Test Dept @ Studio 9294

Test Dept ‘Disturbance’ album launch @ Studio 9294, London, Friday 26th April 2019



Test Dept, Studio 9294 - pic Terry Tyldesley

In a timeless canalside warehouse, Hackney Wick’s Studio 9294, Test Dept disciples were out in force. From long lost friends greeting each other like combat veterans, to newer generations of noise merchants and industrial appreciators swelling the ranks.

The space shook mightily to composer and producer Shelley Parker’s bass heavy set, her dark, intense sounds and beats stirring the crowd, a primal wake up call ahead of Test Dept’s highly-anticipated album launch performance.

They arrived on stage as a four piece, with sound desk action from album producer and engineer Lottie Lou, and epic visuals from David Altweger shooting out from a projector the size of a fridge.

Test Dept were back, firing on all cylinders, not operating in any kind of revivalist way. Leading the charge from the front, eviscerating political crimes and orange-faced tyranny through the medium of deep drum-based dance music.

Test Dept, Studio 9294 - pic Terry Tyldesley

Long term fans would have spotted less metal on stage than in previous incarnations, no gargantuan industrial objects. Tonight was more about burning rubber musically, with tyres housing set ups that could be beaten and smashed, and morph into different heavy sounds that enveloped the audience.

Paul Jamrozy blasted a horn like a primeval prophet, and pummelled sheets of metal, at times also wielding a giant marching style drum that dwarfed any of the other percussion.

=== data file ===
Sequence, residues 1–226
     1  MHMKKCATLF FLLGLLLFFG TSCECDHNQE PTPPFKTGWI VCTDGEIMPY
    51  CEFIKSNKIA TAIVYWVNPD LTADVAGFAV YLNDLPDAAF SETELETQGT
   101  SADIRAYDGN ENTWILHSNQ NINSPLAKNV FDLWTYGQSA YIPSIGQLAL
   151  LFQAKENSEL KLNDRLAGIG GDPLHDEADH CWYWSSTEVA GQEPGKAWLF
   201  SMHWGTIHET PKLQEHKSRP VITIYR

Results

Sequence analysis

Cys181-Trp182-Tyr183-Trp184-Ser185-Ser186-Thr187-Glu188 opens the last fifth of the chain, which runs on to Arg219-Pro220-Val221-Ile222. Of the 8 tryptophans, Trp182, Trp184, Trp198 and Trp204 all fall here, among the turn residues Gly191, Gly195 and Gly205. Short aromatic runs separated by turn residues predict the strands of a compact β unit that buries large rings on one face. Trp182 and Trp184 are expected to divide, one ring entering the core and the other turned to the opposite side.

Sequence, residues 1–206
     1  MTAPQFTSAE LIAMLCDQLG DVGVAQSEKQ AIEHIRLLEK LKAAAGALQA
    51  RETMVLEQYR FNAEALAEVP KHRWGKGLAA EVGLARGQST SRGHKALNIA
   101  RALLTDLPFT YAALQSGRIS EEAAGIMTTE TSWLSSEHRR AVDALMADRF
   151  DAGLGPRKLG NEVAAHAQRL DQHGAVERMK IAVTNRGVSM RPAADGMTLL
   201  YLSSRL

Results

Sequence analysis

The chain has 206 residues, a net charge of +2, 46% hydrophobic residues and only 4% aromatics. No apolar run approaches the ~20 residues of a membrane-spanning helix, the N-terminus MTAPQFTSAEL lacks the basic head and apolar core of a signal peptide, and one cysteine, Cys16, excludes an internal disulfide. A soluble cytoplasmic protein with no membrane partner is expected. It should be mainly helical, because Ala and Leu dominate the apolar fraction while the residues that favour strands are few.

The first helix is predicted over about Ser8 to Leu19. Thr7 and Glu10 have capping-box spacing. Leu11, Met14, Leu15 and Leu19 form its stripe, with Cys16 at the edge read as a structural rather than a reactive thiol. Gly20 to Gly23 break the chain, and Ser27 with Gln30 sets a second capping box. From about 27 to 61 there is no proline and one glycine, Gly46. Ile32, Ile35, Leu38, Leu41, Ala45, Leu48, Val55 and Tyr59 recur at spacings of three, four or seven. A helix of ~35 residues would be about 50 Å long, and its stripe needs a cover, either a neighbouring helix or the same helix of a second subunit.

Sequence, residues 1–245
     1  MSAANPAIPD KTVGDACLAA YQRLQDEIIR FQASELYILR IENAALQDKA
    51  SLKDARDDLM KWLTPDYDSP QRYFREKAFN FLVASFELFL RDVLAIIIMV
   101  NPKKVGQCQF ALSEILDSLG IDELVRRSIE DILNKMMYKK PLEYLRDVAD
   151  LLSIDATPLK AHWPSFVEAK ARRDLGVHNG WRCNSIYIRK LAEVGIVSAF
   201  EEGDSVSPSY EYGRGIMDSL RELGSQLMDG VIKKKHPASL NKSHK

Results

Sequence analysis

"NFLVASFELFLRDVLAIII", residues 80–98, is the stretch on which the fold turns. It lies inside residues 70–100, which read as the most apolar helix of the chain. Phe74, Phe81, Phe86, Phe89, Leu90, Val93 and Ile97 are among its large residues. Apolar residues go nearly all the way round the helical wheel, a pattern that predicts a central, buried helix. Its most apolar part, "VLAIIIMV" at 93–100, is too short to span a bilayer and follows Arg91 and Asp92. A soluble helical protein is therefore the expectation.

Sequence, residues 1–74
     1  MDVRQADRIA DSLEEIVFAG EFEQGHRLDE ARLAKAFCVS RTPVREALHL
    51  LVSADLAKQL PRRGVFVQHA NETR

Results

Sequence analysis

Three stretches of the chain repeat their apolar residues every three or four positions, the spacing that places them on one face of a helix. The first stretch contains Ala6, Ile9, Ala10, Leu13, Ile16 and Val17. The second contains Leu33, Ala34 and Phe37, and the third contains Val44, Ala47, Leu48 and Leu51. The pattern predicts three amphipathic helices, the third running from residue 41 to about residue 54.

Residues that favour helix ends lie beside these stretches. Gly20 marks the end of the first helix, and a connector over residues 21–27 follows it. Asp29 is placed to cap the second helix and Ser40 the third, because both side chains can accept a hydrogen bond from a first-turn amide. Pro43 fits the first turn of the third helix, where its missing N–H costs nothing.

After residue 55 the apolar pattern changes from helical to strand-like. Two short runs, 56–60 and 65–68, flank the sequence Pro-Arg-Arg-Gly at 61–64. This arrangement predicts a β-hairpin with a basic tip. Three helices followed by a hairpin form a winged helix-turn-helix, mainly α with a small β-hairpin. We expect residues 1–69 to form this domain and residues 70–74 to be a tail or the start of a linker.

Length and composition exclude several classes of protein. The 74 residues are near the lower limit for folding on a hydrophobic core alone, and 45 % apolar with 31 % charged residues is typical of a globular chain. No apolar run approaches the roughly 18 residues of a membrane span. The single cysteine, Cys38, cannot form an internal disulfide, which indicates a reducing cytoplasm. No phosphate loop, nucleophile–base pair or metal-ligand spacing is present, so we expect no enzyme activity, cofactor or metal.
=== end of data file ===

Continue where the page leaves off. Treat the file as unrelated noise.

He alternated and at times doubled on vocals with Graham Cunnington, relaying sharp and powerful words. Graham too was hammering away with his own sonic palette of metal and more.

Drummer Zel Kaute pounded out rhythms, sometimes tribal, sometimes militaristic, anchoring and driving the ferocious four.

Test Dept, Studio 9294 - pic Terry Tyldesley

The new tunes were fresh and urgent, ‘Landlord’ an eviscerating dance anthem exposing profiteering and housing failures, ‘Europe’ channelling history to warn of the darkness of the new far right and ‘fascistic populism’, ‘Speak Truth To Power’ an urgent battle cry to resist the ‘truth deficit’.

Perfectly executed visuals created a totally immersive Test Dept experience. Images of devastation, occupation. A naked rotating figure, filthy newspaper headlines, a monolithic hyena, all filling the warehouse with spectacle. Shock and awe and art and dancing.

Dark times, dark subjects, but the treatment uniquely bright and galvanizing. Nourishment for the fight.

*Test Dept interview on the making of new album ‘Disturbance’ here. Album available from One Little Indian Records.